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The shoulder is one of the most integral body parts, and also one of the most complicated. The shoulder is made up of a complex ball-and-socket joint, several supporting ligaments, and many muscular attachments that assist with movement. A damaged shoulder could make everyday activities difficult and can affect your ability to perform at your job. According to the American Academy of Orthopaedic Surgeons, more than 4 million people a year in the U.S. seek medical attention for shoulder problems.

Because the shoulder is so complex, shoulder pain could be any number of things. Pain can arise from a direct injury, overuse of the shoulder, or underuse of the shoulder. The most common ailments suffered from shoulder pain include:

  • Torn rotator cuff
  • Shoulder fracture
  • Arthritis of the shoulder
  • Shoulder dislocation or separation
  • Tendinitis
  • Shoulder bursitis

If you suffer from a shoulder injury resulting from a direct fall, blow, or accident, seek medical attention immediately. If you have persistent shoulder pain, you should make an appointment with your doctor for a diagnosis. Tests like x-rays, MRIs, or arthrograms may be used to assess damage. Depending on what’s wrong with your shoulder, your doctor may recommend physical therapy to relieve pain and improve mobility.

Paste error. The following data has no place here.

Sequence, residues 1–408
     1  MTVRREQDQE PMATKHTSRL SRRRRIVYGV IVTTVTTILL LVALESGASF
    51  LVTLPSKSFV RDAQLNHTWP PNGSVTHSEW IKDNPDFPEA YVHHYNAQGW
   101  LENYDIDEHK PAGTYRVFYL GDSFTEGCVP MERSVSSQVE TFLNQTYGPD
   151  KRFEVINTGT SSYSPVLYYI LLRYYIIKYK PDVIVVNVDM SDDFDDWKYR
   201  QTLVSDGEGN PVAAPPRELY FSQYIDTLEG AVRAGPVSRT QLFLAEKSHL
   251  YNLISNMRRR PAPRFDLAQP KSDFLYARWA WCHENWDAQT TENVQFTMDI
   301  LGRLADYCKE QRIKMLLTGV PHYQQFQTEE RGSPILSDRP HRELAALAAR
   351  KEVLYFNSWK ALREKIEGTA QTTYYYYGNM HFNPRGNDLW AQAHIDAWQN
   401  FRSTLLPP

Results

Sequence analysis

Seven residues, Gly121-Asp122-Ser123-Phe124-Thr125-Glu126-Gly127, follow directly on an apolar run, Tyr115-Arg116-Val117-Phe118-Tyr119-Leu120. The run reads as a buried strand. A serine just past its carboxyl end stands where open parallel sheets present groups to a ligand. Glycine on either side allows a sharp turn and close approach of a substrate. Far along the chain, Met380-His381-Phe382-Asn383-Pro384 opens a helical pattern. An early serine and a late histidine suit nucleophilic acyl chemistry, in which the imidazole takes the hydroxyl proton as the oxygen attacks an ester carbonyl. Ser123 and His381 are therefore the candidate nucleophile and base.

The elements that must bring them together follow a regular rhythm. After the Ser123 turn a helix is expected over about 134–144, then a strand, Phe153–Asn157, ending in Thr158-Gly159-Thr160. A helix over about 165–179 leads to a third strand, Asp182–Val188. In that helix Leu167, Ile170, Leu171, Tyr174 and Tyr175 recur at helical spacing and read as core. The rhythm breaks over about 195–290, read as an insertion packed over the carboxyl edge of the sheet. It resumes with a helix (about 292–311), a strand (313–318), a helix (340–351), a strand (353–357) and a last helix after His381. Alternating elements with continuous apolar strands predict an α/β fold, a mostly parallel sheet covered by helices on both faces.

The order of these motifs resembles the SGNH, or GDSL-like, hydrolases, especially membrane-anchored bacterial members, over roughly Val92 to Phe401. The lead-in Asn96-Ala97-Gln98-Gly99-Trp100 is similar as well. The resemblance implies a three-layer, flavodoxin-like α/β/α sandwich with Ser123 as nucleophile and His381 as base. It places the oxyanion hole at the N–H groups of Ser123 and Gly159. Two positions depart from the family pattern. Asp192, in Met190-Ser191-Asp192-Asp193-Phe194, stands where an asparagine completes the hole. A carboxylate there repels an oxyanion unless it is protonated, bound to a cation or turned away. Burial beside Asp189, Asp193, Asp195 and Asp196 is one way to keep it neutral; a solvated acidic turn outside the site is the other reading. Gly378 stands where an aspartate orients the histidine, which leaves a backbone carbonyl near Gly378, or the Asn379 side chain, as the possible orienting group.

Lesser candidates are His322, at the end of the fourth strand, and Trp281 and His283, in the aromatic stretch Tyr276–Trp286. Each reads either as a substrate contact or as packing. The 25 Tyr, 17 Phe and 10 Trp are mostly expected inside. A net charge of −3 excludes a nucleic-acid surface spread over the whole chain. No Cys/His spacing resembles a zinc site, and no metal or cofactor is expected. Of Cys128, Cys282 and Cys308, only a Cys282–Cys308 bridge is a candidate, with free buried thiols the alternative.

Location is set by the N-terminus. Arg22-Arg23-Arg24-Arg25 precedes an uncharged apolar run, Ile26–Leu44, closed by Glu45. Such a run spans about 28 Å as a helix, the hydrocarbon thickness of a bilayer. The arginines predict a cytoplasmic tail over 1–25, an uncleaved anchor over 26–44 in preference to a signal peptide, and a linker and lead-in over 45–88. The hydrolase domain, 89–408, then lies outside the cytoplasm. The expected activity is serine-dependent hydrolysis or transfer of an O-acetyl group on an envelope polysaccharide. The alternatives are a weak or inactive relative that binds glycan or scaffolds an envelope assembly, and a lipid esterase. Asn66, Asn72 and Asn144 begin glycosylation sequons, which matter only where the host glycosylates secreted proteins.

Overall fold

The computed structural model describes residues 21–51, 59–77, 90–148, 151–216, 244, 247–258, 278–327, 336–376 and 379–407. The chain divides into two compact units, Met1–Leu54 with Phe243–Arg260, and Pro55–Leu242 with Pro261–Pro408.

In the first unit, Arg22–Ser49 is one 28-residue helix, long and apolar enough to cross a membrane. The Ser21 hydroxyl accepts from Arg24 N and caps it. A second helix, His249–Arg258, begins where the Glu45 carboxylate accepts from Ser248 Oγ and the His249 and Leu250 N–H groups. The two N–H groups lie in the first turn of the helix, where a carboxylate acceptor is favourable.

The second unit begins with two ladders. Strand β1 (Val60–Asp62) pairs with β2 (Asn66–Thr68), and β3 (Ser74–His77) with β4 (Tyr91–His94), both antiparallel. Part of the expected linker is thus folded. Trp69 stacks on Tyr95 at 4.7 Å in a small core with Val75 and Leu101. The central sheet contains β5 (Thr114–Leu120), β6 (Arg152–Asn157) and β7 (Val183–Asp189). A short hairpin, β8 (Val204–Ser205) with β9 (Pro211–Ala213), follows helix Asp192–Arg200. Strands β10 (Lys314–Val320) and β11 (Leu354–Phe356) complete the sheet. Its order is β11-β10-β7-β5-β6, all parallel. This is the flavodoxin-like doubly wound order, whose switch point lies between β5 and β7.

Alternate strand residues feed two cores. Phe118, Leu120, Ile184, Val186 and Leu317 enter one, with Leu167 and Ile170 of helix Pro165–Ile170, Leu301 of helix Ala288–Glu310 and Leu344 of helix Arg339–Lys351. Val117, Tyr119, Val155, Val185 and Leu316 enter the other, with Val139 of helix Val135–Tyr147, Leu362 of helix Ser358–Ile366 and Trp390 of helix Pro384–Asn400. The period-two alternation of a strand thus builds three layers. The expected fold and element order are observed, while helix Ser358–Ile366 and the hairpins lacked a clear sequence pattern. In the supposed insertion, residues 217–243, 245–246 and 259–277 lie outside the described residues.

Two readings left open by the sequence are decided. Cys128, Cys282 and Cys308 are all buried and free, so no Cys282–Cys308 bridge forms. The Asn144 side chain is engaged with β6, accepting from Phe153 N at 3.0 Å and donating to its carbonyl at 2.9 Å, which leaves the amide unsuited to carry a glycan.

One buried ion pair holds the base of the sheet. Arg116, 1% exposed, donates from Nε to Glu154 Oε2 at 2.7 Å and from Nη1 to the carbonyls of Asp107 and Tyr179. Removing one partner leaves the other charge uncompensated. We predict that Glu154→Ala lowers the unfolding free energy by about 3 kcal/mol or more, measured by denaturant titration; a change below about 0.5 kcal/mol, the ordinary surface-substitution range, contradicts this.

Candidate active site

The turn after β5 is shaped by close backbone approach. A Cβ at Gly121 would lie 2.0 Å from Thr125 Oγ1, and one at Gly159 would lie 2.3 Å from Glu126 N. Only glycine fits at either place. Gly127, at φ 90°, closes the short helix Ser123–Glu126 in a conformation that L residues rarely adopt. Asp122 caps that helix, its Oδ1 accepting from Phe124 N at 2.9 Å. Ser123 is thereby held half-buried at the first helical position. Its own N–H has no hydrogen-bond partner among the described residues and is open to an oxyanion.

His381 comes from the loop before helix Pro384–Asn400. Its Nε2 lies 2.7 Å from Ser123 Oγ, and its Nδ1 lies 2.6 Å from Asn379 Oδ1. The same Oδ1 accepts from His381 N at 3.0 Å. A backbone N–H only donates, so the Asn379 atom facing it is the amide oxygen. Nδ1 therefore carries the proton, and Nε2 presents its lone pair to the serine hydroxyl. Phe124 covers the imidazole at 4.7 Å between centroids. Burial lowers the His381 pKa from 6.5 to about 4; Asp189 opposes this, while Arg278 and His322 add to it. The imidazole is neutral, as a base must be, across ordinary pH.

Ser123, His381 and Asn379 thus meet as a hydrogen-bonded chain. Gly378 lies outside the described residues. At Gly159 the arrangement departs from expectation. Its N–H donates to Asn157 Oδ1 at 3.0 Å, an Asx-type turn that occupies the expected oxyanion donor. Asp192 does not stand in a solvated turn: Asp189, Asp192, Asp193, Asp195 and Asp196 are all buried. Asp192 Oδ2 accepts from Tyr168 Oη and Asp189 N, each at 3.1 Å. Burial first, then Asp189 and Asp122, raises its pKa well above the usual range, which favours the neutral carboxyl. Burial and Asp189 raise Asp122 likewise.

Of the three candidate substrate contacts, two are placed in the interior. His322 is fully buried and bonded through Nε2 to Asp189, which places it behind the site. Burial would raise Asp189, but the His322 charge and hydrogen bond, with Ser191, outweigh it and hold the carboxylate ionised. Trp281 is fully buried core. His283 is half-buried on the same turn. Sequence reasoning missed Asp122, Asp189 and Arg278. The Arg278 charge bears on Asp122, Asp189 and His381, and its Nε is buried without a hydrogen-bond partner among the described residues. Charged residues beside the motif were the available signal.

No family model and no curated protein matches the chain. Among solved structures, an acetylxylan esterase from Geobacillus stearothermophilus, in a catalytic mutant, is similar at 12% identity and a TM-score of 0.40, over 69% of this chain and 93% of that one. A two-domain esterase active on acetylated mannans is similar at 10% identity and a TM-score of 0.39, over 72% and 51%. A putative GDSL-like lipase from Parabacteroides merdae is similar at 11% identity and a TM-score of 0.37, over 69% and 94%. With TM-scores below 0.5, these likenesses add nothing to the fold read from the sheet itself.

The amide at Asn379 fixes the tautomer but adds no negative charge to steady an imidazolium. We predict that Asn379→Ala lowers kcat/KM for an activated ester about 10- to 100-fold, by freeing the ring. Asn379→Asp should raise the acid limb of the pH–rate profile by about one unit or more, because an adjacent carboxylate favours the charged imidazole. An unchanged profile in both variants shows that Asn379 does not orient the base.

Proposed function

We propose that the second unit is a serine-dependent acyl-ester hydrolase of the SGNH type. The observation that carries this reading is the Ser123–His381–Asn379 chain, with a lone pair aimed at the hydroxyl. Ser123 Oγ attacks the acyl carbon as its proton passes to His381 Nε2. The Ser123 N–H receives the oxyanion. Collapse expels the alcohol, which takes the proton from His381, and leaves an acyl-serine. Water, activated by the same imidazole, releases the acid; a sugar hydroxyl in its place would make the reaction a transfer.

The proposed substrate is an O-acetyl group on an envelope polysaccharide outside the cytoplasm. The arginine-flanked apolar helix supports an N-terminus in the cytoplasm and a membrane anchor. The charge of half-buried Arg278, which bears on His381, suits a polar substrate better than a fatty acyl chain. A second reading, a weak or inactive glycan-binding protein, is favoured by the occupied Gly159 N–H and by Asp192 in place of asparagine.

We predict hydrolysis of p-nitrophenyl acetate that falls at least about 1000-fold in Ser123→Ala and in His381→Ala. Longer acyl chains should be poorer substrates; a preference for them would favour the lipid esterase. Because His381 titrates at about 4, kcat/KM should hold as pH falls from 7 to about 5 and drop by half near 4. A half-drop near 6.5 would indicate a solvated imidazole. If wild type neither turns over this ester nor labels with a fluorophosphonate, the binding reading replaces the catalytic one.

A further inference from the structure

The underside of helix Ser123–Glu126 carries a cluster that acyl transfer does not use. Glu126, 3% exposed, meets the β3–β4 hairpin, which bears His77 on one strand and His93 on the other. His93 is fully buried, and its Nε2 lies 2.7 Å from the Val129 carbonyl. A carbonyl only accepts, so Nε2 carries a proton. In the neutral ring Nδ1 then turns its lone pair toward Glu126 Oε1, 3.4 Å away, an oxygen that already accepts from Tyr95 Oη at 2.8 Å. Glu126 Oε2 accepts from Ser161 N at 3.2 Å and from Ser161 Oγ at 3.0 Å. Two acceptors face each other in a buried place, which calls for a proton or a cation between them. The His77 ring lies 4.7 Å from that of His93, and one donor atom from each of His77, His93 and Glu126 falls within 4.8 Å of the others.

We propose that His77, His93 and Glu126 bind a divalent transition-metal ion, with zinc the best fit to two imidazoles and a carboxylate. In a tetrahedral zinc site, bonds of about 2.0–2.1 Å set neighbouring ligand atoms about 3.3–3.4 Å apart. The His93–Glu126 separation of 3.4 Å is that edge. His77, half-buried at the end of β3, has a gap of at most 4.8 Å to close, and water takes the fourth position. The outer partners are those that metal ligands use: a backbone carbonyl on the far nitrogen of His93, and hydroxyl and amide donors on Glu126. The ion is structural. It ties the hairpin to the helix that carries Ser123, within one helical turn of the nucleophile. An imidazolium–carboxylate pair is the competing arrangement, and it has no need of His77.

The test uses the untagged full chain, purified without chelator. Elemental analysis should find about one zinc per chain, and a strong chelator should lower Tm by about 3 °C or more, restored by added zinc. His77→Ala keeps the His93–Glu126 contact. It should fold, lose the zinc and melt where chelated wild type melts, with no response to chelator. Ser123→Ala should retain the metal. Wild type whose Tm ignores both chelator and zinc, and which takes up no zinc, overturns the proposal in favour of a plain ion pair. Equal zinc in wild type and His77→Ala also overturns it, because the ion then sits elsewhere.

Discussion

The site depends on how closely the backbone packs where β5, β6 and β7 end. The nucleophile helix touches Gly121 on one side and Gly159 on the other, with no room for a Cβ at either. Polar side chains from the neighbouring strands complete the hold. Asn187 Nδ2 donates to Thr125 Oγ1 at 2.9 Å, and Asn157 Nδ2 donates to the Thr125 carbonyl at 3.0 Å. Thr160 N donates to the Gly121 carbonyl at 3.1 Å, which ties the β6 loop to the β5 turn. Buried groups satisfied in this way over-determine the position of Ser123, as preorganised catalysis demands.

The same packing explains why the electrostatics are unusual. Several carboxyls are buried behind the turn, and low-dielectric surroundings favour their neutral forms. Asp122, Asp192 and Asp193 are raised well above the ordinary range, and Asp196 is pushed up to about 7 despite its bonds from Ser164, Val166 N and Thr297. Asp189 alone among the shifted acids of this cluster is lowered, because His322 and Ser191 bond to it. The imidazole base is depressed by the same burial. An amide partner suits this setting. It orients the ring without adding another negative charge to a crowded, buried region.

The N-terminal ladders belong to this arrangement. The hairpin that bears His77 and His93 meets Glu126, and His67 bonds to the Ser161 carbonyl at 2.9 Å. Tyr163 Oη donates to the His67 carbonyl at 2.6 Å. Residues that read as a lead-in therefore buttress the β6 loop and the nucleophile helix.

If you’re advised to see a physical therapist, an initial evaluation will be given to determine what state your shoulder is in, and a program will be developed for your rehabilitation. The amount and nature of your pain, the range of motion, and the strength of your shoulder will assessed. The number of days a week and the amount of time you spend in therapy will vary greatly from person to person. The type of injury, severity of the injury, and how you quickly you recover will be different for everyone, but your physical therapist will likely give you an estimated time you’ll spend in treatment.